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Johnny Mad Dog, maybe 15, leads a band of boy soldiers in a civil war in an unnamed African country. "Don't want to die? Don't be born" is one of their shouted mottoes. We follow Mad Dog and his crew - No Good Advice, Butterfly, Chicken Hair, and others - as they kill, pillage rape, interrogate, and terrorize on their march to the capital. They take a TV station and lead an assault on the President's residence. We also follow Laokole, about Johnny age, as she tries to hold together her family of brother and disabled father. Is there more than chaos and inhumanity here? At war since age 10, has Johnny anything inside? Written by
In an unknown African country, Johnny Mad Dog (Christophe Minie), possibly 14-15 years old, leads a group of young child militia. After the successful infiltration of a TV station, who they believe support the President, they march on to try and capture the capital city. They rape, murder and destroy their way through the city, with scant regard for the cause they're fighting for or the cities inhabitants. Meanwhile, Laokole (Daisy Victoria Vandy), a young girl around Johnny's age, tries to survive with her younger brother and her wounded, legless father.
Shot with a documentary-like realism, director Jean-Stephane Sauvaire employed an unknown cast, many of which are actual former child soldiers. We are shown in detail how they are taken from their families and have hatred drilled into them by their colonel, who spouts his motto "you don't want to die, don't be born." It's a savage story set in a savage landscape, and, in the central storyline, we are not allowed the comfort of having any sympathetic characters. There are moments of black comedy - at the beginning we see one of the soldiers loot a victims house and put on a wedding dress, which he wears for the majority of the film, and No Good Advice (Dagbeth Tweh) steals a pig from a victim and stubbornly struggles to carry it on his shoulders. They are clever devices that make the film all the more terrifying and almost unbelievable.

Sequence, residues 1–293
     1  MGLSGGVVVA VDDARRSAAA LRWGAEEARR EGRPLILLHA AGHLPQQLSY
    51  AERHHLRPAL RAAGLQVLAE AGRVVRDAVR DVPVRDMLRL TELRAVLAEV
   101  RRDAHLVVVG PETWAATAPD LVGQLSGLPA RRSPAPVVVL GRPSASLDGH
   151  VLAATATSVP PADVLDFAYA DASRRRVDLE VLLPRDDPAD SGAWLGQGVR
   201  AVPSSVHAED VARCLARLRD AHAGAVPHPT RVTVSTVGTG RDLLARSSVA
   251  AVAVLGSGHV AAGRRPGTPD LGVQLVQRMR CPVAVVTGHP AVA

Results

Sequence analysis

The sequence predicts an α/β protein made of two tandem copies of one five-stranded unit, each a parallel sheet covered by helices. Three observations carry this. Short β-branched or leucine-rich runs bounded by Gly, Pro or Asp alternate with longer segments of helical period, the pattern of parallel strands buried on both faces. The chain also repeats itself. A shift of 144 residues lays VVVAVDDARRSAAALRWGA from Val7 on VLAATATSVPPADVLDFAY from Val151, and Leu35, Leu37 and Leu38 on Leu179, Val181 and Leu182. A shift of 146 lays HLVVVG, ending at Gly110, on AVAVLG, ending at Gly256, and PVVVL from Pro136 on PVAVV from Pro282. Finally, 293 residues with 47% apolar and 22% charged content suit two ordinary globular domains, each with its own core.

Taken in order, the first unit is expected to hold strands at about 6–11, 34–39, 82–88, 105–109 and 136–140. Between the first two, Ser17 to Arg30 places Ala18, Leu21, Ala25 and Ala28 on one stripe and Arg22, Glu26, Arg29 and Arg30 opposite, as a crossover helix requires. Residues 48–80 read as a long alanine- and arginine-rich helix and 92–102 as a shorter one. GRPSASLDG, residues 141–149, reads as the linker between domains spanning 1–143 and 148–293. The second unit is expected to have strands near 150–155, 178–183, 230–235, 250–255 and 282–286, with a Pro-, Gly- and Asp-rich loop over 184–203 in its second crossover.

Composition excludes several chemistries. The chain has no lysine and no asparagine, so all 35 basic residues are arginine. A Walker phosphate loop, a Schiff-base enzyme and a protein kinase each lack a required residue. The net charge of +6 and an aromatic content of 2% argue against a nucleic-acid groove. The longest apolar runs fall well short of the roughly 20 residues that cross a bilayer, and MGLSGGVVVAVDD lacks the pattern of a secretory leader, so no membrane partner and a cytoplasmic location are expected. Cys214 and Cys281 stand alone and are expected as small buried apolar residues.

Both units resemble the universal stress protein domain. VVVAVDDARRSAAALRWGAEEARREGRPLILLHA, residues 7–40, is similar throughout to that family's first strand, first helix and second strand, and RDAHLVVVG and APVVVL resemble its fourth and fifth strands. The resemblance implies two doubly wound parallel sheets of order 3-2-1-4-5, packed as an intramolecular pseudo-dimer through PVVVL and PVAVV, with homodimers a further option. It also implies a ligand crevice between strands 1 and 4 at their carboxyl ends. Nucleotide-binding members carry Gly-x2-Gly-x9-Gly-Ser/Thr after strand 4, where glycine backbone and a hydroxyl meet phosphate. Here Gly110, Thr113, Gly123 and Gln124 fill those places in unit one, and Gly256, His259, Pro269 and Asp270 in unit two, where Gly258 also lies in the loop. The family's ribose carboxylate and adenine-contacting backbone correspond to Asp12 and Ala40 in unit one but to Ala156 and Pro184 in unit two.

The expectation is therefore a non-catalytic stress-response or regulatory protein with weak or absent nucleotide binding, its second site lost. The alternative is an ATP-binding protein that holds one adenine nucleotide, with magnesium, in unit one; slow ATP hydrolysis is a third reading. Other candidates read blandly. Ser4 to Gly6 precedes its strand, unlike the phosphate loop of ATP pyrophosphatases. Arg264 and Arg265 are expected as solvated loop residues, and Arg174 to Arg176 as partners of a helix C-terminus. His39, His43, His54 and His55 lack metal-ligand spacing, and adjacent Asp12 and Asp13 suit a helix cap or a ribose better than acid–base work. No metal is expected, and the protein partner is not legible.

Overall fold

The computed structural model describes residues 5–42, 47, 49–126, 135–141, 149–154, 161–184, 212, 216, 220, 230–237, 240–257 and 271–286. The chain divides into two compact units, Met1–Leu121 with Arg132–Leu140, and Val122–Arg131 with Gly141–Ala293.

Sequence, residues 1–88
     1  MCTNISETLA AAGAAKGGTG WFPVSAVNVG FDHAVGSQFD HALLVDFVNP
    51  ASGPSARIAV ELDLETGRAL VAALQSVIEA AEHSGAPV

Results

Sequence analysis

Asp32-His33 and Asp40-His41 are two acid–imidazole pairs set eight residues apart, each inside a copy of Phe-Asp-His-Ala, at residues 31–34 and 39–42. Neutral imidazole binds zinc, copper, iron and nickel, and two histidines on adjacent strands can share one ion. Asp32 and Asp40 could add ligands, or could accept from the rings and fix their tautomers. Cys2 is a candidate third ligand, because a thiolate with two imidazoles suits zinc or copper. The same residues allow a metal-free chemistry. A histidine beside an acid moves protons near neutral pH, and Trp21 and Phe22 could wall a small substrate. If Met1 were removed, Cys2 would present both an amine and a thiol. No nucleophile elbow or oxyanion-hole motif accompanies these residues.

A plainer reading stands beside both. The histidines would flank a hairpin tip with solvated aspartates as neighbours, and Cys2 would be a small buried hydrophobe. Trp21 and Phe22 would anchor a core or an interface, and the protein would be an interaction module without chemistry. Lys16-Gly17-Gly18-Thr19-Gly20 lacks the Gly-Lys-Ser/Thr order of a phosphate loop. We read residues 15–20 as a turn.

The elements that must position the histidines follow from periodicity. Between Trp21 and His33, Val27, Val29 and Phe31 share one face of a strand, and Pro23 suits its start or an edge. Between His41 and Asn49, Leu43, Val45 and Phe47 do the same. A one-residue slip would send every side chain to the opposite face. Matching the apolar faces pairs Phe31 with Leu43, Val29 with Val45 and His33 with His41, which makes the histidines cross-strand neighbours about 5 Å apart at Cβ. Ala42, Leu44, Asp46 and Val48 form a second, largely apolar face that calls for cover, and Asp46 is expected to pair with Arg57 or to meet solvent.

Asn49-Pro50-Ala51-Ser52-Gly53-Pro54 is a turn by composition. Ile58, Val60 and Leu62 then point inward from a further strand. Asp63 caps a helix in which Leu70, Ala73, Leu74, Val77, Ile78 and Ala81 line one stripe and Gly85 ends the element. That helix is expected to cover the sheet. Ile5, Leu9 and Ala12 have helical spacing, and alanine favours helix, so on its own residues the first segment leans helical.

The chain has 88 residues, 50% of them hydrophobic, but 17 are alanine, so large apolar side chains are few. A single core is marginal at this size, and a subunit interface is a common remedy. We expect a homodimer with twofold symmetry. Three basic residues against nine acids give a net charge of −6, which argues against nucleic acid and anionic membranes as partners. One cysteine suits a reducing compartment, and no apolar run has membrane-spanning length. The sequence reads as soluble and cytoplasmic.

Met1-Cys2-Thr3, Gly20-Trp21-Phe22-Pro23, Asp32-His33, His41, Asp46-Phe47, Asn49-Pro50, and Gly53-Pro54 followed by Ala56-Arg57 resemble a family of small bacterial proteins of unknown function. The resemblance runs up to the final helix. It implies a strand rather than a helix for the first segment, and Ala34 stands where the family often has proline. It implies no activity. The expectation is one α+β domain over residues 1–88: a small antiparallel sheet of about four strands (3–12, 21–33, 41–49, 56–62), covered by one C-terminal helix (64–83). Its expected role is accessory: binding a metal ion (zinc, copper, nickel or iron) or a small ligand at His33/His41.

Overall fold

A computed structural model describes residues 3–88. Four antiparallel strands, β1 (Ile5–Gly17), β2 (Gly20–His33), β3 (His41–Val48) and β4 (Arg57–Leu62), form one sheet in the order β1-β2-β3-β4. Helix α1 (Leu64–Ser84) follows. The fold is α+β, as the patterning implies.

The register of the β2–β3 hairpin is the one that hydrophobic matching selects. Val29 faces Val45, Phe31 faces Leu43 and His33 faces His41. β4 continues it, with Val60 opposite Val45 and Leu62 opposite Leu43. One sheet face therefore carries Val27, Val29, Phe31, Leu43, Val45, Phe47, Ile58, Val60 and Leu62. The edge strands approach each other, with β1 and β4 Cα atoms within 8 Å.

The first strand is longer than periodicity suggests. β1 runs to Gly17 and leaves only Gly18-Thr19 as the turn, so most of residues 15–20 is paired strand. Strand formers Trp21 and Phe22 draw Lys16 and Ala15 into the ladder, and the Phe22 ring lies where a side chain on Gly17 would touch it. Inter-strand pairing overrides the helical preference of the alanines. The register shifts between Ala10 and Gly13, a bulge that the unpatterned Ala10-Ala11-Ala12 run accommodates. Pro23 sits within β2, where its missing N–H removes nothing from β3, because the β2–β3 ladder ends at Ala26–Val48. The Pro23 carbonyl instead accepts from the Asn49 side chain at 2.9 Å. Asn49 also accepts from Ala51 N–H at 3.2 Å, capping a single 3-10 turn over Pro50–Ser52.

The cast are superb to the point where I often forgot I was watching a film, and instead was watching a beautifully filmed documentary. As Johnny, Minie is dead-eyed and stoic, with only fleeting glimpses of a heart beating beneath his cold exterior. He is simply doing what he has been brought up believing, that what he and his crew are doing is revolutionary. They have scant regard for their own lives, being convinced from a young age that bullets won't hurt them, and their bodies jacked-up with alcohol and cocaine. As the credits roll, the sound of Billie Holiday's Strange Fruit seems a strange and ill-fitting choice, but it does not stop Johnny Mad Dog from being a powerful expose of a world that is almost alien to the West.
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